As a disclaimer before I start, I don't play many RTS games. I played Star Wars: Empire at War extensively, but only against the AI. I've played Heroes of Might and Magic III. I've tried Warhammer 40,000: Dawn of War, Starcraft, Achron, and a few Command and Conquer games. That's pretty much it. So this article won't be extremely long or in-depth.
But there's a reason for that. I like games with good stories, and as a genre, RTS games are terrible at telling stories.
RTS games are meant to simulate large-scale war with more units on the field and a wider tactical view than most games. You gather resources, construct defences, and build your offence to take down the enemy in large battles featuring potentially dozens or hundreds of units on each side. And in games that offer multi-battle, back-and-forth campaigns, the focus is even larger.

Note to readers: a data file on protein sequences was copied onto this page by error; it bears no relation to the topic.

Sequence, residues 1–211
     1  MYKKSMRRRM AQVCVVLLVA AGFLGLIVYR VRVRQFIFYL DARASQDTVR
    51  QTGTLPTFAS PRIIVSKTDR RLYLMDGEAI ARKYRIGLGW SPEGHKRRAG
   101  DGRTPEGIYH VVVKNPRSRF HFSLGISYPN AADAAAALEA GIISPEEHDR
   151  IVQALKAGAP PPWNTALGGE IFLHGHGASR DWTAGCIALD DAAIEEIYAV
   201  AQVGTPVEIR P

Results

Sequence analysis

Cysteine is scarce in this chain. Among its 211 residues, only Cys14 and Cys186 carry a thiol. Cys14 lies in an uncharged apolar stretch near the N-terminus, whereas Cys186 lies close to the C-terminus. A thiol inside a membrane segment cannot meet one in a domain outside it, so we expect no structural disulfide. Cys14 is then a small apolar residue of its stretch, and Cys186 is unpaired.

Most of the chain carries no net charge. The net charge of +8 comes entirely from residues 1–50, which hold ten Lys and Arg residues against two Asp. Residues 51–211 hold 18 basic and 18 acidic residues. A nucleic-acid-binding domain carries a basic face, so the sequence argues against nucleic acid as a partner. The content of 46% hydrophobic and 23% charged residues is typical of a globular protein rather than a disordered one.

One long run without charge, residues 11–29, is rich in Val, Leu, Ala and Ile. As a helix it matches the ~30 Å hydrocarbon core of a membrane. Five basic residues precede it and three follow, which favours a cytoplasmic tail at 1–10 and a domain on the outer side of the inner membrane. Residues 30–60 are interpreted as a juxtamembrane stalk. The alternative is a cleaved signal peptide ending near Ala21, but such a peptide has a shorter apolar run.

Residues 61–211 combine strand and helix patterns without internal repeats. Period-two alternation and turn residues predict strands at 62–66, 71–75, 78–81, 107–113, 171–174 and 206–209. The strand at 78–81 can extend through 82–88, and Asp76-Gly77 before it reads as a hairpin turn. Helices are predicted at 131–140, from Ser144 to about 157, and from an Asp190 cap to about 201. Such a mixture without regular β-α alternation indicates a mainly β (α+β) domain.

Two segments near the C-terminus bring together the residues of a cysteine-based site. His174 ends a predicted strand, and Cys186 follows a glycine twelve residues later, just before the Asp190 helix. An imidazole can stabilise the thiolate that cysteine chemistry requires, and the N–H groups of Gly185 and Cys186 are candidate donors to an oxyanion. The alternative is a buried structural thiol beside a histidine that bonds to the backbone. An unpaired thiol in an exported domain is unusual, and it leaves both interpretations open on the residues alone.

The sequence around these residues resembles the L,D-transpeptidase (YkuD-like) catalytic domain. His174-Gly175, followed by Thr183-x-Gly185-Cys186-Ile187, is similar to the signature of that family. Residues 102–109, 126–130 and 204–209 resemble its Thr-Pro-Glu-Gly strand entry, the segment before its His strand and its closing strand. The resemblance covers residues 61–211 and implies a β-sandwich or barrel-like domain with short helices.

Think of it in terms of a real-life war. How easy is it to sum up the story of, say, World War II in a concise yet accurate way? We want our stories to be personal and relatable, but something like a global or galactic war is far too big to include an emotional and personal narrative as well as a full understanding of the scope and scale.
One of the main difficulties with an RTS game, in terms of the story, is defining the narrative role of the player. You're a supreme omniscient commander running an entire war - how do you personalize that? The RTS games I've seen tell their stories primarily through cutscenes and not during actual gameplay, so even if the commander is a character and there's a strong narrative, the story and the gameplay are kept fairly separate from each other and don't interact much, aside from some voiceovers during missions. In that kind of set-up you don't really need to play the game to experience the story, you could just watch it on YouTube.
I'm actually not sure that there's a good way to integrate a strong, personal story into the gameplay of such a large-scale genre. I'm at a bit of a loss, and I may just have to conclude that RTS games aren't really for me. If you have any ideas, though, I'd love to hear them.